Home ยป Austronesian Language Traces: On Papuan Language and Culture

Austronesian Language Traces: On Papuan Language and Culture

by Senaman
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The discovery of ancient and historical objects or what is commonly done by archaeology still makes us realize how old the earth is. Fossils, inscriptions, and other very surprising discoveries always grab our attention, especially when these things are found in Indonesia, an archipelago that is said to have once been a single unit but is now separated from Sabang to Merauke, breaking it into large or small islands such as Sumatra, Borneo, Java, Sulawesi, and Papua.

3,000 to 4,000 years ago, an Austronesian speaker sailed from Taiwan and crossed the Philippine archipelago, eventually interacting with the people of Papua. On the island of Papua, speakers of different tribes have already settled. Genetically, Papuan speakers are ethnic Melanesians who have inhabited the second-largest island in the world since 50,000 years ago.

The migration of Austronesian speakers has influenced Papuan culture. This is revealed by various findings of very significant cultural relics on the westernmost coast of the island of Papua such as Raja Ampat, the north coast of Papua Island, and surrounding islands such as Biak and New Britain. In Papua, there are approximately two languages, the special term Austronesian language and the non-Austronesian language which is now known as the Papuan language. A distinctive feature of the Austronesian language is that its structure is like Indonesian in general, where the object used in the expression is S-P-O: ‘Saya Suka makan which means (I Like to Eat)’, while the non-Austronesian becomes S-O-P: ‘Saya Makan Suka which also means (I Like to Eat)’. Making the order similar to English.

The migration of Austronesian speakers who around 3,000 years ago stopped or had built settlements in Papua. Then their arrival made them interact with residents who had been

living in Papua for longer. This research maps the influence of Austronesian speech in Papua based on artifact findings at several sites along the Papuan coast and surrounding islands, the strongest evidence being pottery.

The influence spread through knowledge, such as sailing using long-distance navigation. Papuans in Biak and Yapen, for example, recognize ship technology that has a bow and stern. This also eventually earned the Biak tribe the nickname ‘Vikings from Papua’.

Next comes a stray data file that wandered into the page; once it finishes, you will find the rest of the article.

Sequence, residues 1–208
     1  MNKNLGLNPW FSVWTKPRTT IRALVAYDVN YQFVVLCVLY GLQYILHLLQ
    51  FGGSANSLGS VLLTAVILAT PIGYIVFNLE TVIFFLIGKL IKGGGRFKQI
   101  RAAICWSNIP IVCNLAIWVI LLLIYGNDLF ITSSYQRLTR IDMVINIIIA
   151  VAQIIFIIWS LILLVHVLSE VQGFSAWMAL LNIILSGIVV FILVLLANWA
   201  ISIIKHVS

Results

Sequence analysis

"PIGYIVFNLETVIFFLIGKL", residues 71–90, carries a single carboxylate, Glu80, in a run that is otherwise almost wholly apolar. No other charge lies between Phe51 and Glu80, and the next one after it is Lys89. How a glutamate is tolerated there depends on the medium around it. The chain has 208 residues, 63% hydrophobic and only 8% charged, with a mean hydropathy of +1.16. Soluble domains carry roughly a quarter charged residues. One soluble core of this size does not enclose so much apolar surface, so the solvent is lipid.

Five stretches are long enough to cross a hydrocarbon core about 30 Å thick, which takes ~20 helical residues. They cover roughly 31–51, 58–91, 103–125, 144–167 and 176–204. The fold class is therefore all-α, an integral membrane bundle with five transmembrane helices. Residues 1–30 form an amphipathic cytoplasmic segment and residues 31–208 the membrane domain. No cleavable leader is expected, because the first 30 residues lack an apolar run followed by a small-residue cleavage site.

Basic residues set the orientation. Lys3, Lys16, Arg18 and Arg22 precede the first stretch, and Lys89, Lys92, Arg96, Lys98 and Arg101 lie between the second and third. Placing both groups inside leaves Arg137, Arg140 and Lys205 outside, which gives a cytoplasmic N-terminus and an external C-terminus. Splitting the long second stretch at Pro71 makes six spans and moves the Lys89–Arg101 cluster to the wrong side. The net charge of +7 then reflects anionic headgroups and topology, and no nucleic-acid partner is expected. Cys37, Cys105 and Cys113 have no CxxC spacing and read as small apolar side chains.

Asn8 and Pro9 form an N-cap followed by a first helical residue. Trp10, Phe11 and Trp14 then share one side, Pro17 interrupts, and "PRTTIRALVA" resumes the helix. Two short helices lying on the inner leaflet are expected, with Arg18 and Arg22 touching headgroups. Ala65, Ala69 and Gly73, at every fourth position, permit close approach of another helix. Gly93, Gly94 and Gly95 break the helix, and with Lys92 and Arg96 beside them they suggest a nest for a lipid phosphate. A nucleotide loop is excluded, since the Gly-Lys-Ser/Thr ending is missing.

Ships with bow and stern features can only develop due to the influence of Austronesian language speakers. In contrast to Papua inland such as Merauke and mountainous areas that recognize simple boats, from hollowed-out tree trunks such as the Lesung Boat from the Asmat Tribe for example.

This encounter is also supported by historical mythology by Papuans today. One of them is the findings around Lake Sentani where it is believed that their ancestors came from the east of the ‘Place of the Rising Sun’, introducing tools such as pottery.

The villagers of Abar told me that there used to be people who came from the east and were rather scary. These people introduced the villagers to pottery and pottery making. The Abar villagers adopted and adapted these tools in the past when they settled at the Khulutiyauw Site until they eventually moved to the current location. This mythology is also supported by findings of pottery and earthenware.

Experts predict that Austronesian influences have been found on the coast, such as at Youtefa Bay. In the case of Lake Sentani, which is west of Youtefa Bay, the tribe that introduced pottery moved to deeper ground. Although it is still a matter of debate, who spread Austronesian languages in the Papua region, including Halmahera and Raja Ampat, this is still being further explored by BRIN’s Language and Literature Preservation Research Center.

Papua is known to have a wealth of languages, but some of them have become extinct and the remaining ones are threatened with extinction due to the small number of speakers of the language. The cause of language extinction is the social issues Papua is facing, such as the mandatory use of the Malay-Papuan language or people starting to abandon their mother tongue due to the impact of globalization and modernization.

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